“Flying” Dogs Entertain Traverse City Audience

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The East Bay Calvary Church in Traverse City was the site of the Extreme Canines Stunt Dog Show on Saturday, February 7th. The event had so much interest that they ended up having two shows that day. I was lucky enough to get a reserved front row seat to see all the action (thanks Pastor Dallas Dix) but I do apologize in advance for the blurry photos. I either need a faster camera, a better camera operator or slower dogs!

Doc Holiday spins on Abby Cline's back

Doc Holiday spins on Abby Cline’s back

Toby is set to do a very high jump at the show

Toby is set to do a very high jump at the show

crowd shot

Many talented canines were on hand spinning, jumping and “flying” across the stage while doing tricks, dancing, catching frisbees and doing agility. Team Director and Stunt Dog Performer/Trainer Abby Cline and Performer/Trainer Melissa LaMere brought eight dogs to the show and it included the dogs participating in contests to see who could jump the highest (over 52″ at this show!) and be the fastest in what they do. There was even some jump roping! The Golden Bowl Showdown contest had a “red” team and a “blue” team and the audience was divided up into cheering sections for the dogs. Every dog and member of the audience was a winner with everyone so involved in the show.

The Extreme Canines Stunt Dog Show also included an appearance by two of the Grand Traverse K9 dogs, Jax with his handler Deputy Matt Jerome and Janke with handler Pegan-Naylor. Jax did a meet-and-greet with adults and kids out in the lobby and Janke went on stage to look for “improvised explosives” (the safe kind) hidden under boxes. They had a child from the audience move the boxes around so that Janke couldn’t cheat and he was able to find what he was looking for each time.

Grand Traverse K9 Jax with handler, Deputy Matt Jerome

Grand Traverse K9 Jax with handler, Deputy Matt Jerome

Grand Traverse K9 Janke searching for "explosives" on the stage of the church

Grand Traverse K9 Janke searching for “explosives” on the stage of the church

The audience was filled with many kids and three of them even got to play the role of a “dog” and crouch down on the floor while a stunt dog jumped over them. When asked what their favorite kind of dog was, all three kids said their dog was their favorite dog.

Rosie getting ready to jump over three kids

Rosie getting ready to jump over three kids

There were two moving videos during the show – one called “So God Made a Dog” showing the bond between dogs and people. The other video talked about the importance of adopting a dog from an animal rescue group or animal shelter. Most of the dogs used for the Extreme Canines Stunt Dog Show were homeless dogs who were saved from rescues or shelters and then trained to be stunt dogs. Part of the proceeds from the shows goes to their mission of helping to save homeless dogs.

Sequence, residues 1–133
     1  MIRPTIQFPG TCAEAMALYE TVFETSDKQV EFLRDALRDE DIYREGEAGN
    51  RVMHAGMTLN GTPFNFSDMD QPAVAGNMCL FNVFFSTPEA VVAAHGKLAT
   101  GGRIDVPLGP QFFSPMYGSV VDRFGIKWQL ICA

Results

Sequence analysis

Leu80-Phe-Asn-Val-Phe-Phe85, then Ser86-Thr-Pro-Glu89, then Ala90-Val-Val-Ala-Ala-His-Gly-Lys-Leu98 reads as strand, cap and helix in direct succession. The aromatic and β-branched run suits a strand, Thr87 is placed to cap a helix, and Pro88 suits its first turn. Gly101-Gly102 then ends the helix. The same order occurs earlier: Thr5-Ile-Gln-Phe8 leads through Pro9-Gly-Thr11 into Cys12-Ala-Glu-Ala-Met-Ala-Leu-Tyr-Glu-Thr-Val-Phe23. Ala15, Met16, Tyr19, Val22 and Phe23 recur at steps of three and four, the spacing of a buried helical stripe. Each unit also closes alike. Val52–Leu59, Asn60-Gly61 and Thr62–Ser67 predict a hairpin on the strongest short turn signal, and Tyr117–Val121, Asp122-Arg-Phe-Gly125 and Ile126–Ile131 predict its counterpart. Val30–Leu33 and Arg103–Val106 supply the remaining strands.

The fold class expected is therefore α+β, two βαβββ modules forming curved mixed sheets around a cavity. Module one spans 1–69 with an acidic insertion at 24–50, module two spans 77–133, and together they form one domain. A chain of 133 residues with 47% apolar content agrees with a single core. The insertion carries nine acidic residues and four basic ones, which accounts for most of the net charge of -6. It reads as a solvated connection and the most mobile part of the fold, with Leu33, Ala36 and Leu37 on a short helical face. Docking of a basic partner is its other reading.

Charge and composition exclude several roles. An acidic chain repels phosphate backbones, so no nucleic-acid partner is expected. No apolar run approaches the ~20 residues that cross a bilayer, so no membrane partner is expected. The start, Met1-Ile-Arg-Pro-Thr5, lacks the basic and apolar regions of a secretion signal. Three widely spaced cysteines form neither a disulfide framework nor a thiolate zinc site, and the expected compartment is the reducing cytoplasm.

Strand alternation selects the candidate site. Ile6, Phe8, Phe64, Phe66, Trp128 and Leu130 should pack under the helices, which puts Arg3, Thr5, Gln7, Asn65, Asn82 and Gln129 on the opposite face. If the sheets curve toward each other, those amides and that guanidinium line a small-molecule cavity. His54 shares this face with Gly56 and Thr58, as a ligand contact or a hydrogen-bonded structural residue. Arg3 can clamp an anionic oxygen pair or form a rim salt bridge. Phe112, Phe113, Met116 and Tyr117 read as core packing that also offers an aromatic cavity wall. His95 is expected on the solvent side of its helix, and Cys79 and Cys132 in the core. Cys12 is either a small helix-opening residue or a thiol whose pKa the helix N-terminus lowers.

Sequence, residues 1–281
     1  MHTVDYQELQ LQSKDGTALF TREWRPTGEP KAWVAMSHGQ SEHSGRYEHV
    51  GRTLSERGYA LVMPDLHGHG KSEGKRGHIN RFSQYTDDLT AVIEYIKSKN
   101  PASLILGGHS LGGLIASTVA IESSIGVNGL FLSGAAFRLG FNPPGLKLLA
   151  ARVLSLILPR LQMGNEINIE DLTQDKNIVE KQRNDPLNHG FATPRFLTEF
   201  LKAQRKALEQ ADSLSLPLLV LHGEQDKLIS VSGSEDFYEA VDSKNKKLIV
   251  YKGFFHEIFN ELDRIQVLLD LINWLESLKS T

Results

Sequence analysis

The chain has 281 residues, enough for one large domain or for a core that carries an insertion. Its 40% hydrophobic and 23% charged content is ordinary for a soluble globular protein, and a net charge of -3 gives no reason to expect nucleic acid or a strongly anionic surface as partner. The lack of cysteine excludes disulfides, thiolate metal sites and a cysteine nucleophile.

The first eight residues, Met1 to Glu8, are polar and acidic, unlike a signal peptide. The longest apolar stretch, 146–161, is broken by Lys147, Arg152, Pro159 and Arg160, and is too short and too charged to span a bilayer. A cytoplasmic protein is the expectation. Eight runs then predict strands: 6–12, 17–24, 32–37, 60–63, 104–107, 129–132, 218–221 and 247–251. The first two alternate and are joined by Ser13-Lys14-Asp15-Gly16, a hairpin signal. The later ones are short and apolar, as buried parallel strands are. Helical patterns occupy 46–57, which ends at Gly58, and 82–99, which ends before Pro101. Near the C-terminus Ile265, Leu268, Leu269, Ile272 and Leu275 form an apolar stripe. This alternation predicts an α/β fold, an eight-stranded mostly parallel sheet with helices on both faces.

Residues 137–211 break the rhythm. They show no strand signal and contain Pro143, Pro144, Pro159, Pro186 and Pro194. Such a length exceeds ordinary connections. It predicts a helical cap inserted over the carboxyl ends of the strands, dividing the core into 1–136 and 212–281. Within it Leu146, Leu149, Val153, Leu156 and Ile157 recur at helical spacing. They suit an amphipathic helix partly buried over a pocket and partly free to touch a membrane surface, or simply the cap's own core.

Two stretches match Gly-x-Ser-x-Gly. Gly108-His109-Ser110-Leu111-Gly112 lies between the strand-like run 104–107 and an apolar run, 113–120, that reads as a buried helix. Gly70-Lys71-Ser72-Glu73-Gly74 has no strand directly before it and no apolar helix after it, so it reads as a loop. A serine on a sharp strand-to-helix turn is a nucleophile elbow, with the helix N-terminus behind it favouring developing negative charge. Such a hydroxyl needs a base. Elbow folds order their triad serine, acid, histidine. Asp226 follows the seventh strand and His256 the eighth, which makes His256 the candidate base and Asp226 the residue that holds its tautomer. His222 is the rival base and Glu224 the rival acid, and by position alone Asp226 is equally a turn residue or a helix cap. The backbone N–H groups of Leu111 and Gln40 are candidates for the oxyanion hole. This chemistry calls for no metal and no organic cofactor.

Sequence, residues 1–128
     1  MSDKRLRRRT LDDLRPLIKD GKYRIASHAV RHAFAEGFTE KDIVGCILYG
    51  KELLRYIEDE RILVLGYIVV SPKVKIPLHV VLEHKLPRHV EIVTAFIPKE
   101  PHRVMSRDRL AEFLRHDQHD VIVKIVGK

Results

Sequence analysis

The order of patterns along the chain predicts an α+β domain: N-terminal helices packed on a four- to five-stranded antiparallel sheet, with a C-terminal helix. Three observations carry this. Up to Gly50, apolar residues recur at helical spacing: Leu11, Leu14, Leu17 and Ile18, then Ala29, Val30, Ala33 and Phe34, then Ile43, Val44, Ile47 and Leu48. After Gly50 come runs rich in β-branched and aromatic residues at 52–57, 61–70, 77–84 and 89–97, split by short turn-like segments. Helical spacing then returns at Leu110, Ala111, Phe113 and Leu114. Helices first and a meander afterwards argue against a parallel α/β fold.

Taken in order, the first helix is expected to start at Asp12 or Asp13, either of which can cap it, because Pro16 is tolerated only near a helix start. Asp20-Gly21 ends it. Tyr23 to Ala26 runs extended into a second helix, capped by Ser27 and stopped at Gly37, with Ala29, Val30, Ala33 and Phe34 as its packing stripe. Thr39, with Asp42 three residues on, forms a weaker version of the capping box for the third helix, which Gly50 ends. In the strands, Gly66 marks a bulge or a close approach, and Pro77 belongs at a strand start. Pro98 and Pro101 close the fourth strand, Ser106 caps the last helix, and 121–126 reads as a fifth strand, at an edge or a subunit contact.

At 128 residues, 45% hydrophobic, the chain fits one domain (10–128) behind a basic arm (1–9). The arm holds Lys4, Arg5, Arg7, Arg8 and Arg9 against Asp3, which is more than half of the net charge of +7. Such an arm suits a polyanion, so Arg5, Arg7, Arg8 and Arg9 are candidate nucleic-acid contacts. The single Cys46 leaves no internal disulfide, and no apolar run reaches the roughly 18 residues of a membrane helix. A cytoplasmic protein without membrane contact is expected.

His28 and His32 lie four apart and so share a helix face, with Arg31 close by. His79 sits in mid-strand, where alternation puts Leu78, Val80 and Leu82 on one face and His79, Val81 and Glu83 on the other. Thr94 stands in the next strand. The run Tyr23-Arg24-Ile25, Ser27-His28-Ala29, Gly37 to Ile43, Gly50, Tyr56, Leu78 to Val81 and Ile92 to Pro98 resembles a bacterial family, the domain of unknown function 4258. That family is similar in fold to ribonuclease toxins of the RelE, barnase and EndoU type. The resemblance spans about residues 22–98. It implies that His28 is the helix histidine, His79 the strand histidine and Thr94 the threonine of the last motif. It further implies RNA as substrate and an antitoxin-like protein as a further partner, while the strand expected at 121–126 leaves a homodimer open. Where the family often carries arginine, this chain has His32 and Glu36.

Doc Hollywood waits for a frisbee

Doc Hollywood waits for a frisbee

Rosie and Abby Cline perform

Rosie and Abby Cline perform

The stars of the Traverse City show included:

Bullet, a Border Collie mix from a rescue group

• Zinc, an Australian Shepherd mix from a rescue group

• Torque, a Chocolate Lab from a rescue group

Toby, an Australian Cattle Dog mix from Border Collie Rescue of Minnesota

Rosie, a Corgi Mix from the Animal Humane Association of Star Valley

Super Freak, a Border Collie from Long Island, New York

Doc Holiday, an Australian Cattle Dog from Border Collie Rescue of Minnesota

Petey, an Australian Cattle Dog mix from the Sioux Falls South Dakota Humane Society

Rosie showing off by balancing on Abby Cline's feet

Rosie showing off by balancing on Abby Cline’s feet

Doc Holiday poses with some kids after the show

Doc Holiday poses with some kids after the show

There are about 17 dogs that travel with their owners/trainers to perform in these shows and many of them are Australian Cattle Dogs and Border Collies. Cline says that they look for working dogs as they are highly motivated to do the kind of stunts in the show. They are more easily trained because they want to work and are driven by their love of toys and treats. The trainers in the show find dogs in shelters on Petfinder and are also contacted by shelters, rescue groups and dog people who know what kind of dogs they are looking for. When the trainers visit a dog in a shelter, they look for one who is focused more on a toy than the person. Some of their dogs have been trained since being a puppy but many are about one or two years old. It takes about a year or two of training before a dog is ready to be in a show and they are also socialized as much as possible so that they are comfortable performing in front of large crowds and are comfortable interacting with children. Their training is continuous even when they are at home on “break” with their owner/trainer.

Cline said that each stunt has its own challenges but they train “to the dog”. They train to the dog’s strengths and what that particular dog is good at and enjoys doing. You mean not all dogs like to balance upside down on someone’s hand?

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One thought on ““Flying” Dogs Entertain Traverse City Audience

  1. Laura March 11, 2015 at 8:11 am Reply

    I am so bummed I missed this! I hope the show returns to the area!

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